iOS Variable Font Integration

What's New



Removed extra code

Version Platforms SwiftUI Swift Package Manager Cocoapods


VFont is a brilliant library which simplifies working with variable fonts in iOS projects.

If you've never heard about variable fonts, I'd recommend reading this article Variable fonts in real life: how to use and love them by @romashamin

Sponsored by Evil Martians

What does the library make easier?

First of all, I wondered if variable fonts are supported in iOS. Nowadays, developers use the top-level UIFont class to work individually with Light, Regular, Medium, Bold, and other font styles. I discovered that VF support had already been added in iOS 3.2. However, it was implemented using low level code in the CTFont class in the CoreText library. This leads to extra work in order to get to variable fonts using CoreText and 'UIFont'.


First, you need to add the custom variable font to your project. If you've never done this, I recommend reading this tutorial.

❗️ Be aware that the font file name can be different from the actual font name! To get the correct full font name, upload the font file to fontgauntlet.com.

Native instruments

// First, you have to get information about the variable font (axes names, IDs, and allowed values). But the current axis value isn't there 🤷‍♂️
// Here you can face a problem, like the custom font wasn't added to the project, was added incorrectly, or font name isn't correct
let uiFont = UIFont(name: "Martian Mono", size: 16.0)!
let ctFont = CTFontCreateWithName(uiFont.fontName as CFString, 16.0, nil)
let variationAxes = CTFontCopyVariationAxes(ctFont) as! [Any] // font information with weird format 👎

// To set new values you need to know the correct axis IDs and allowed values (maxValue and minValue)
let variations = [2003265652: 600, 2003072104: 100] // 2003265652 - 'Weight'; 2003072104 - `Width`

// As we know, text elements in UIKit use the UIFont class. So, you have to create new UIFont object with new values for axes
let uiFontDescriptor = UIFontDescriptor(fontAttributes: [.name: uiFont.fontName, kCTFontVariationAttribute as UIFontDescriptor.AttributeName: variations])
let newUIFont = UIFont(descriptor: uiFontDescriptor, size: uiFont.pointSize) 
// Now, you can apply the UIFont object for UI text elements
// Here you may notice the name of the new UIFont object has been changed to 'MartianMono-Regular_wght2580000_wdth640000'
let label = UILabel()
label.font = newUIFont

If you want to continue changing the current font object, or if you'd like to create more complex logic, you need to store the UIFont object. Moreover, you should parse the variation axes values and store these, too. But don't worry, VFont will do this for you!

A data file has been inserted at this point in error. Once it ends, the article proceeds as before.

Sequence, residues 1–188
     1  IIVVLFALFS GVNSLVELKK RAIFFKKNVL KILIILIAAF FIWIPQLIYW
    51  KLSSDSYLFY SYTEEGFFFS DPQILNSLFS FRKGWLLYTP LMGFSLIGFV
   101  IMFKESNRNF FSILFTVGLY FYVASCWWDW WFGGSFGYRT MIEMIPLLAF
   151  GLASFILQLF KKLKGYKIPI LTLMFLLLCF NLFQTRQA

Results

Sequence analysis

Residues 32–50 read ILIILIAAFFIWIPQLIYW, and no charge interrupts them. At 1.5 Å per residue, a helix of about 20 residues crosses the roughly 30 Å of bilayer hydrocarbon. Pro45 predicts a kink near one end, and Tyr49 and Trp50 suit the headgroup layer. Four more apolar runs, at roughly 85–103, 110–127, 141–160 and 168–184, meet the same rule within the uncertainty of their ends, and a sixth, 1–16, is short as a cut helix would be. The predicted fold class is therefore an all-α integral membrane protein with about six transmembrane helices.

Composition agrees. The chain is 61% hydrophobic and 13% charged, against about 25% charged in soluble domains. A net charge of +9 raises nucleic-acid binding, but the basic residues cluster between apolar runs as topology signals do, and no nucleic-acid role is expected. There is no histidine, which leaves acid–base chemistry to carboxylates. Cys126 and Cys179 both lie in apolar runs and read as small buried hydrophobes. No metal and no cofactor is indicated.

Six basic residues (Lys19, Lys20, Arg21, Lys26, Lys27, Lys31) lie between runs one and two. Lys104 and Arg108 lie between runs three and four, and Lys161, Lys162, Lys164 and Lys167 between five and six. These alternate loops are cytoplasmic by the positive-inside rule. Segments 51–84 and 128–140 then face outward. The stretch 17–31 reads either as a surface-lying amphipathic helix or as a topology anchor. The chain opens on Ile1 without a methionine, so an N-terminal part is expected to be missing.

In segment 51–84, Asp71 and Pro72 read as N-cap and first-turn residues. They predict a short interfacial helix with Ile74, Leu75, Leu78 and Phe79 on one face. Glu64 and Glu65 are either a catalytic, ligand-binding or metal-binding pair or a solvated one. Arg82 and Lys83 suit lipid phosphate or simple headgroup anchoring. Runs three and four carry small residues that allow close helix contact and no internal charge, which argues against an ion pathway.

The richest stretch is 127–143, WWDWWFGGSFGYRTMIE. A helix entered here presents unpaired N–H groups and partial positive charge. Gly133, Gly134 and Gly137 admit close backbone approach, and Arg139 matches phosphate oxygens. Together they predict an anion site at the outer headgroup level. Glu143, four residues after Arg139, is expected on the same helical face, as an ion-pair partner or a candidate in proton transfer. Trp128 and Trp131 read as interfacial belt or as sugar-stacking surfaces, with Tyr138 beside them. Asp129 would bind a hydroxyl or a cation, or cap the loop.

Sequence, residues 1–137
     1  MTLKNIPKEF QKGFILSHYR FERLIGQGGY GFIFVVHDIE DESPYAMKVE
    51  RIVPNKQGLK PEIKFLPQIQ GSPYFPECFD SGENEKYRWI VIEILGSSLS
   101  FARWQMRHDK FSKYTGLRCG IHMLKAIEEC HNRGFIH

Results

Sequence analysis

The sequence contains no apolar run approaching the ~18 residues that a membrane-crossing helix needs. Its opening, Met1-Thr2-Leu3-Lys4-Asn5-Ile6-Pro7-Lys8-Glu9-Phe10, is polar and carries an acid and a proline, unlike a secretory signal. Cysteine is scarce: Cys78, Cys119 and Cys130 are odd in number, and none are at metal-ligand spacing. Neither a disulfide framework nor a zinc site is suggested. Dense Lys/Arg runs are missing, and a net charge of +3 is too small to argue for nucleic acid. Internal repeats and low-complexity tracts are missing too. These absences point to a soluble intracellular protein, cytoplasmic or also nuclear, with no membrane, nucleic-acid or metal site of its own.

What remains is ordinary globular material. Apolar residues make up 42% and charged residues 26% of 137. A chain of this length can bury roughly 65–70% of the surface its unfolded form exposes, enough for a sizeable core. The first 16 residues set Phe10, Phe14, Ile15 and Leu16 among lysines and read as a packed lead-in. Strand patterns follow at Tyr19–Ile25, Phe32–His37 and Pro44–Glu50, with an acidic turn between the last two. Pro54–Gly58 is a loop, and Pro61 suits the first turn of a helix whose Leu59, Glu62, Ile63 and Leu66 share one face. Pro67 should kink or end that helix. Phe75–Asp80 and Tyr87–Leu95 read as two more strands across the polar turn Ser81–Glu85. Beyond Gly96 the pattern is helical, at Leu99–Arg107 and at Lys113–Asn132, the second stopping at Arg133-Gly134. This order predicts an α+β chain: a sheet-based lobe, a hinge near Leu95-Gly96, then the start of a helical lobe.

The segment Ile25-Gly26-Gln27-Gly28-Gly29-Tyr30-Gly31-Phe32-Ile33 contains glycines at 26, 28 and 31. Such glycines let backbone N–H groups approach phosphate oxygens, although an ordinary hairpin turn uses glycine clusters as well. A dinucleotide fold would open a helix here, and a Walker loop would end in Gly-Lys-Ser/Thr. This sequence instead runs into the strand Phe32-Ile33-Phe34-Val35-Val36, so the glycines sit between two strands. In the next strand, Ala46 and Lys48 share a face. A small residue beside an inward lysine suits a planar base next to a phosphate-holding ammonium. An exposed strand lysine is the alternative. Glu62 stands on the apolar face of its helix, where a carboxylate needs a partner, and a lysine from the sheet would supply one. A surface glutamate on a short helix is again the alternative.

VFont library


import VFont

let vFont = VFont(name: "Martian Mono", size: 16)! // UIFont like initialization
vFont.setValue(400, forAxisID: 2003265652) // setting a new value for the 'Weight' axis

let label = UILabel()
label.font = vFont.uiFont // apply the variable font for a UI text element
vFont.getAxesDescription() // get the font information with а human readable format, if you need it ✅

// override the `updated` closure to observe all font changes, if you're going to change it at runtime
vFont.updated = { uiFont in
    label.font = uiFont


struct ContentView: View {

    var body: some View {
       Text("Title 1")
          .font(.vFont("Martian Mono", size: 16, axisID: 2003265652, value: 450))
       Text("Title 2")
           .font(.vFont("Inter", size: 32, axes: [2003072104: 80, 2003265652: 490])

Why do we use number IDs instead of axis names? Good question! But the answer is really simple. The CTFont framework which works with variable fonts under the hood returns different axis names for different system languages. This means that only the axis number IDs are unique values. If you find a way of receiving English names regardless of system language, I would appreciate knowing about this!


Swift Package Manager

  • File > Swift Packages > Add Package Dependency
  • Search https://github.com/dufflink/vfont
  • Select Up to Next Major with 0.6.1


To integrate VFont to your Xcode project using CocoaPods, specify it in your Podfile:

pod 'Vfont'

Advanced usage

If you use UIKit, you can create your own font class inheriting the VFont class!


import VFont

final class MartianMono: VFont {
    init?(size: CGFloat) {
        super.init(name: "Martian Mono", size: size)
    var weight: CGFloat {
        get {
            return axes[2003265652]?.value ?? .zero
        } set {
            setValue(newValue, axisID: 2003265652)
    var width: CGFloat {
        get {
            return axes[2003072104]?.value ?? .zero
        } set {
            setValue(newValue, axisID: 2003072104)
let font = MartianMono(size: 16)
font?.weight = 300
font?.width = 90


In a SwiftUI project you can create static method as a Font structure extension:

extension Font {
    static func martianMono(size: CGFloat, width: CGFloat = 0, weight: CGFloat = 0) -> Font {
        return Font.vFont("Martian Mono", size: size, axes: [
            2003072104: width,
            2003265652: weight
struct ContentView: View {
    var body: some View {
        Text("Hello, world!")
            .font(.martianMono(size: 16, width: 300, weight: 100))


Go to [Examples] folder and research how does it work! Also, you can lanch the examples in Xcode. To complete this, clone the repository and launch the VFont.xcworkspace file.



  • The next step is creating a script that will parse the Info.plist file and which will automatically generate the font classes for UIKit and the extensions for SwiftUI. The generated code will have the same structure as in the Font class section abowe.

  • Support for tvOS, watchOS, and macOS


VFont is released under the MIT license. See LICENSE for details.


  • Swift Tools 5.6.0
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Last updated: Mon Jan 30 2023 13:08:32 GMT-0500 (GMT-05:00)